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Homepage. This page: A further list of motorcars once owned by Don.

Minor Traveller & Karmann Ghia coupe.

With memories of pre-war motorcars becoming a thing of the past, several cars of the 1960s were to feature in Don's car buying activities, including a Renault 8, a Herald, and an Anglia-based buggy.

Along comes a Triumph Herald.

"During the Karmann Ghia years there were a couple of cars that came briefly into my ownership. One was a Triumph Herald 1200cc convertible. The previous owner had opened the bonnet in a high wind and suffered distortion to the hinge system. His local garage (bless ‘em) had hinted at a “kings ransom” to put it right. He, obviously embarrassed, offered it to me for £20, (if I didn’t think it too much?). It had nine months tax and a long MOT so I jumped at it. On closer examination I realized the bonnet problem was easily fixed — two carefully placed tyre levers, close the bonnet slightly and ‘Voila’ good as new. The Herald proved pleasant transport throughout the summer and I sold it for £90 before the tax and MOT expired.

An overheated Renault R8 is next.

Renault 8
It was obvious the battle with the tin worm in the Karmann Ghia was being lost so I had to make contingency plans. A Belgian had abandoned a mid-60s lhd Renault 8 at a friend’s garage, apparently it had overheated … £30 and it was mine. I removed the engine and found a six-inch crack running along the block — no problem. I laboriously drilled and tapped about fifty holes and attached a plate and gasket. It ran ok but the heater wouldn’t work because of low coolant pressure.

Around that time the Karmann Ghia breathed its last, and the Renault became my sole means of transport; by an amazing piece of luck I picked up a perfect replacement engine from a Sussex breakers yard for £12. We were in the process of buying a house and every penny counted.

The Renault gave excellent service for two years, the engine only needing a set of plugs and points. I believe it was the first small car to have disc brakes all round, shame the handbrake was totally useless. I also bought an A40 Farina for the memsahib, a delightful little car, never gave any problems.

Time for a project - time for an MG Midget

Hot MG Midget car
Side view of the MG
For the first time I now had a decent garage and workshop, and I couldn’t wait to fill it with some sort of project. My brother told me about an MG “Sebring”? In need of some attention, but cheap. It turned out to be a MK1 Midget, modified and tuned to within an inch of its life. Wide wheels, DCOE40 carb; but battered, the engine totally clapped.

I tidied up the body, totally rebuilt the engine and took to the road. The car was a misery; although it was nippy the highly tuned 998cc engine was fussy, oiled plugs continually and developed a nasty mechanical noise. A bog standard engine out of an A40 was then fitted and worked well, but not exactly inspiring. So a cunning plan was hatched.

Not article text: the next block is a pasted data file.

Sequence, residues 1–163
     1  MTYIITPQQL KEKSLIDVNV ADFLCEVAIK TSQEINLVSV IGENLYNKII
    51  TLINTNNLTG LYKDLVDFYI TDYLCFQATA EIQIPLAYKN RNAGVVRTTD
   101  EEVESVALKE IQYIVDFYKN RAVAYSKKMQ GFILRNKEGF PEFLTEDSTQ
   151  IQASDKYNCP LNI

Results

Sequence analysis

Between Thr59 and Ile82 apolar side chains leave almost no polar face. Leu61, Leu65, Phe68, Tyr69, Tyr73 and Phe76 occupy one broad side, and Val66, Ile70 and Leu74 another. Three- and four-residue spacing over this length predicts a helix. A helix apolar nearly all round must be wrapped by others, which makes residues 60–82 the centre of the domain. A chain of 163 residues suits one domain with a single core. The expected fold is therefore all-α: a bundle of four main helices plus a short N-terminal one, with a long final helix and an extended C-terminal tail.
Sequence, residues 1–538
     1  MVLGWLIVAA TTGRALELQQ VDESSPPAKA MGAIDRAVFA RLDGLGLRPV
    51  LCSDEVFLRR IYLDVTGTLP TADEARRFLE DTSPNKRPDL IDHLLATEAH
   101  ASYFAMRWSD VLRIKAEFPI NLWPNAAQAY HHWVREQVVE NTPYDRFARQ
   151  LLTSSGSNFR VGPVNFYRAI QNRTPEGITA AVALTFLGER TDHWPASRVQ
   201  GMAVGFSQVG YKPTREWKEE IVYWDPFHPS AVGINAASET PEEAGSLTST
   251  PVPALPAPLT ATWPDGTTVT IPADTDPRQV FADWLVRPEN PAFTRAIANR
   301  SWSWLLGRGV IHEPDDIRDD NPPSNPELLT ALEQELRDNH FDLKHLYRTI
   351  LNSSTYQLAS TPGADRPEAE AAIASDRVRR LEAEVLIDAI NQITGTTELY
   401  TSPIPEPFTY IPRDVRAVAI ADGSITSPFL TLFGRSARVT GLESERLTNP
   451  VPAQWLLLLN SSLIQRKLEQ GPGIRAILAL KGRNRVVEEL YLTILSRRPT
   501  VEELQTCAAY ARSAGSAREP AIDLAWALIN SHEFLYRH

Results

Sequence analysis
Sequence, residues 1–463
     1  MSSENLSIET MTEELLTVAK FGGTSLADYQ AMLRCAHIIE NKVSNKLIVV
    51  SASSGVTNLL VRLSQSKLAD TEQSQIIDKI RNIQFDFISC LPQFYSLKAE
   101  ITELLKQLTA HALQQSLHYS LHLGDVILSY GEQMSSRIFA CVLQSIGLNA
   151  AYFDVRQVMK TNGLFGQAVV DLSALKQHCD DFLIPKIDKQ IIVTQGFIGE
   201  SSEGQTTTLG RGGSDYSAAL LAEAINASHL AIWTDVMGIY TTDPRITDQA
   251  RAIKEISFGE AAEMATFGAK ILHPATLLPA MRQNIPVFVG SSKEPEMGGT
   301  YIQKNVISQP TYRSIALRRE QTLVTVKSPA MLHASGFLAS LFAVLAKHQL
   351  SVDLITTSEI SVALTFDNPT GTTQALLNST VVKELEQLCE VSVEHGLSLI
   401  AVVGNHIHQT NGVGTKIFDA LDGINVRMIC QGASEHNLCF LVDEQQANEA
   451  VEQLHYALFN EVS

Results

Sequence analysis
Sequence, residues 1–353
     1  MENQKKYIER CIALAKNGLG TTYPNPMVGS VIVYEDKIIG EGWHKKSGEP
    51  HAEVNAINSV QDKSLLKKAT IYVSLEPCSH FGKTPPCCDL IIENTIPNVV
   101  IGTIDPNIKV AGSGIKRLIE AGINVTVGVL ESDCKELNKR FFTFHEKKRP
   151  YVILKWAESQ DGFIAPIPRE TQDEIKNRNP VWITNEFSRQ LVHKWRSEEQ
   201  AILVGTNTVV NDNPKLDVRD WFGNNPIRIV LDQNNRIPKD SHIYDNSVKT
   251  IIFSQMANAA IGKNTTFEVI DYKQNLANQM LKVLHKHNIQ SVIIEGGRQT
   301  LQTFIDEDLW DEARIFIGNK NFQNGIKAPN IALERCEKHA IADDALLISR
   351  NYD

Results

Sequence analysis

A 1500GT engine and gearbox, out of a Ford Corsair, was shoehorned in, we sprayed it pillar-box red and finished up with a very mean looking sports car. At the same time my brother was working on a Triumph Stag conversion, fitting a 2.5 straight six engine to a car that had partially burnt out. There were a few spare bits so I fitted a Stag roll-over cage and seats to the MG.

The car was quite exciting to drive although it didn’t like corners very much and after the never-ending summer of 76/77, where weather protection wasn’t needed for months-on-end, the approach of winter caused me to lose some enthusiasm and crave a little warmth and comfort. A 1965 Hillman Minx, Series 6 came into my possession, it was like driving a Rolls after the MG. In the spring I passed the Hillman on to my father-in-law and bought a 1973 Cortina 1300 MK3.


One car, (the worst thing I have ever driven,) briefly entered my life around this time: the Anglebug—a beach buggy that, unlike most of the genre, used Ford Anglia running gear instead of VW. I only really drove it once, to the MOT and back, finding the windscreen top positioned directly in my sight line and other handling problems too horrid to recount accurately.

I bought the memsahib a Citroen GS club, a delightful car, unless you had to change the front exhaust pipes. It meant moving the engine — but these things were bearable considering what a pleasure it was to drive. Rust would eventually 'do' for the GS though, as described in this next instalment of Don's motoring memoirs.

Promotion entitled me to a new company Cortina estate Mk4, we lived near the sea and after two years I’d done 20k miles and it was rusting away before my very eyes. Being contract hire car it didn’t matter, but it was the last car I had that attracted tin worm, until the A H. Sprite restoration of 2005."

More of Don's motoring recollections, and other stories sent in by visitors to oldclassiccar, can be seen in the motoring memories section.

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